A disappointing rally, but I have balls

A spur of the moment decision last night saw me heading this morning to the UK Detecting Rallies open rally at Carlton, near Olney, in Northants.

The site was billed as around 120 acres of ploughed, rolled and seeded arable land. ARCHI showed the area to be rich, especially in Roman material. The weather was reasonable (cloudy, around 16C and dry except for light rain mid morning). It all looked very promising, even for an open rally.

My plan was to concentrate on one field in the morning and another in the afternoon. The morning’s field had reportedly produced a William I penny the last time the site had been detected, though apparently on that occasion most diggers spent the day on another field which had produced a couple of Anglo-Saxon pennies and a few later medieval hammies.

Unfortunately it was a dead loss. By the time I left at around 1.30pm, after 3 hours detecting and an hour for lunch and talking to other diggers, the sole reported decent find was of a hammy of some sort from one field.

I didn’t bother with any of the other fields as I left straight after lunch, but it’s obviously possible that other decent finds were unearthed in the afternoon.

My impression, and that of others I spoke to, was that the fields had been more or less detected to death; if they hadn’t, why was nobody finding anything today, notwithstanding any finds on earlier visits? It was an expensive half day out, factoring in the cost of a 160 mile round trip and £15 for the dig fee. The lack of finds was obviously disappointing, but at least I met and chatted to other detectorists.

So what did I find? Nothing indeed to call a “find”, certainly, but the scrap included:

  • 2 golf balls (both surface finds)
  • Several pieces of lead
  • Around a dozen pieces of thinnish, foil-like metal
  • Half a horse shoe
  • The head of a sledgehammer
  • A bolt
  • The bases of half a dozen very small bullets or cartridges, possibly from a rook rifle

As mentioned in an earlier post I have been trying out Tect O Trak which plots your route around a field and shows the positions of any finds against the route. When I reviewed my wanderings around the field, Tect O Trak seemed to have summed the day up pretty well:

carlton

It was, nevertheless, a joy to detect with a pin-pointer that sounds off only when it should do.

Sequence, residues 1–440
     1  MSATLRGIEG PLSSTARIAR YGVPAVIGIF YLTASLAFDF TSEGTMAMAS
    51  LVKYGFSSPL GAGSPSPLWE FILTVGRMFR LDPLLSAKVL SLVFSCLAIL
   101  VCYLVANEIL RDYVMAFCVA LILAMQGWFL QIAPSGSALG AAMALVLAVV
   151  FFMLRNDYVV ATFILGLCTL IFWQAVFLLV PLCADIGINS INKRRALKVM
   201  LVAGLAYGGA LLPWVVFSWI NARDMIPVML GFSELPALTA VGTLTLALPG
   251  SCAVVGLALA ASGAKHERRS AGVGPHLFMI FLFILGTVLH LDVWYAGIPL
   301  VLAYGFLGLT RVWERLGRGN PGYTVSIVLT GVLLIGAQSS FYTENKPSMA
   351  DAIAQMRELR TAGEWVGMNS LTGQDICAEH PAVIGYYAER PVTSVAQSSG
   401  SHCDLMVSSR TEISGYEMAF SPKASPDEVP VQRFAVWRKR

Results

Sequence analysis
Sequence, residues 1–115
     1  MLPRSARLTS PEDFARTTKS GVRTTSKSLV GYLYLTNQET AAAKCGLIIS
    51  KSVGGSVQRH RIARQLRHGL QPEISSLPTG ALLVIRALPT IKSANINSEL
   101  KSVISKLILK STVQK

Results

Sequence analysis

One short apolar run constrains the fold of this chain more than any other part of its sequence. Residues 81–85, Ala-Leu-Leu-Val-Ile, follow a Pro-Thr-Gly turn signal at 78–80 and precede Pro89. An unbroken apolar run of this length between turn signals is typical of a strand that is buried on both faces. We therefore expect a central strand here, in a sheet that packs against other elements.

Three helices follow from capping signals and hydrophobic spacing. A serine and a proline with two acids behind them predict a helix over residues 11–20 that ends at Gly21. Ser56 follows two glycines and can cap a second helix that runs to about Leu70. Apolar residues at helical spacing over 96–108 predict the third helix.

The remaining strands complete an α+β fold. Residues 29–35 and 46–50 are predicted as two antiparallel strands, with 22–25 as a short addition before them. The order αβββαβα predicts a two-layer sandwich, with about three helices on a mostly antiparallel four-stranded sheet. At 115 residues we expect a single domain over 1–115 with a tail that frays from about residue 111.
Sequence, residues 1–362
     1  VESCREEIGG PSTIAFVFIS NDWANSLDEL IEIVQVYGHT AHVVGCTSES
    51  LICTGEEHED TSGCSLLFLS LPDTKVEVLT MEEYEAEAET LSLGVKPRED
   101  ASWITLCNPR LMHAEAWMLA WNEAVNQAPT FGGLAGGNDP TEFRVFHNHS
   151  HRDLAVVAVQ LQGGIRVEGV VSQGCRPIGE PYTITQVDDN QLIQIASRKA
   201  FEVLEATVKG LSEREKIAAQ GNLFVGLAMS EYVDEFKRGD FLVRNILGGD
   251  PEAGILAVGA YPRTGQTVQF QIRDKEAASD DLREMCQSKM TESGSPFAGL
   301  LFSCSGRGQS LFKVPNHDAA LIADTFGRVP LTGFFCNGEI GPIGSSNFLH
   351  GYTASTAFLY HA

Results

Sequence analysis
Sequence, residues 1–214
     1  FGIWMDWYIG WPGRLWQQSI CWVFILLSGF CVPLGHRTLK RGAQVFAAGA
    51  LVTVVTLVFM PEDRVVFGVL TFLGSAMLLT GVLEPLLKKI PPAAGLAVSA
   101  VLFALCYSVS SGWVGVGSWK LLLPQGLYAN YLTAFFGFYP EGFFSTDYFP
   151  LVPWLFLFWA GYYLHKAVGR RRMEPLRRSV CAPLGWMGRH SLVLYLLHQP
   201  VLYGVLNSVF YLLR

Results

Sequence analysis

Bought a new pin-pointer

Although I thought I’d fixed my Garrett pro-pointer a while ago, it has never in practice really behaved properly since then. Gradually the falsing problem reasserted itself and it was obvious it had to go.

So off I went to Regton this morning to buy a new one. The shop was quiet and there was plenty of time for a good yammer with Nigel, during the course of which we discussed everything from the local clubs to the new Minelab plastic detectors. Nigel showed the latter to me.

Apparently they perform pretty well and may have the edge over Garrett’s Ace machines from a performance point of view, but ye Gods they are flimsy! I can’t see them lasting very long in the field. Indeed, they look like something you would give the kiddies to play with on the beach and I’d be surprised if any serious beginner would choose them over the Ace series.

I was also pleased to see that Nigel is now stocking a range of those pocket-sized compartmentalised plastic boxes which are ideal for keeping small, high value finds safe. When I first saw them being used I spent hours trying to track them down before discovering that they were commonly used by anglers and therefore readily available in fishing tackle shops. I’ve had a few more off fleabay since then. You can never have too many of them.

Anyway, I treated myself to the new Garrett Pro-Pointer AT and threw in a couple of magazines and a book on lead tokens and tallies for good measure.

Italian detectorist finds WWII British soldier’s remains

The remains of a British soldier believed to have been blown up by a German mortar during the Second World War have been found by a metal detector enthusiast on a remote Italian hillside.

Officials are now trying to establish the identity of the serviceman – who is thought to be from the UK because his bones were found next to dozens of British Army issue bullets.

The skeleton was found in undergrowth close to the site where two other sets of remains – also identified as British servicemen – were discovered last year.

Pasquale Capozzolo found the skeleton on a hillside at Pellezzano, above the town of Amalfi, a picturesque coastal town popular with British holidaymakers and the scene of the bloodiest fighting.

The bones were discovered after Mr Capozzolo’s metal detector ‘pinged’. He dug down to discover dozens of British Army issue bullets which were in use with troops for the standard issue 303 Lee Enfield rifle.

Mr Capozzolo said: ‘I found the skeleton about half a metre or so down in the earth.

‘It hadn’t been buried and from the way the bones were scattered it looked as if he had been hit by an explosion. There was shrapnel around which was German so it looks as if he was hit by a shell.

Experts to identify mystery British WWII soldier whose remains were found by metal detector enthusiast on Italian hillside where he was blown up by German mortar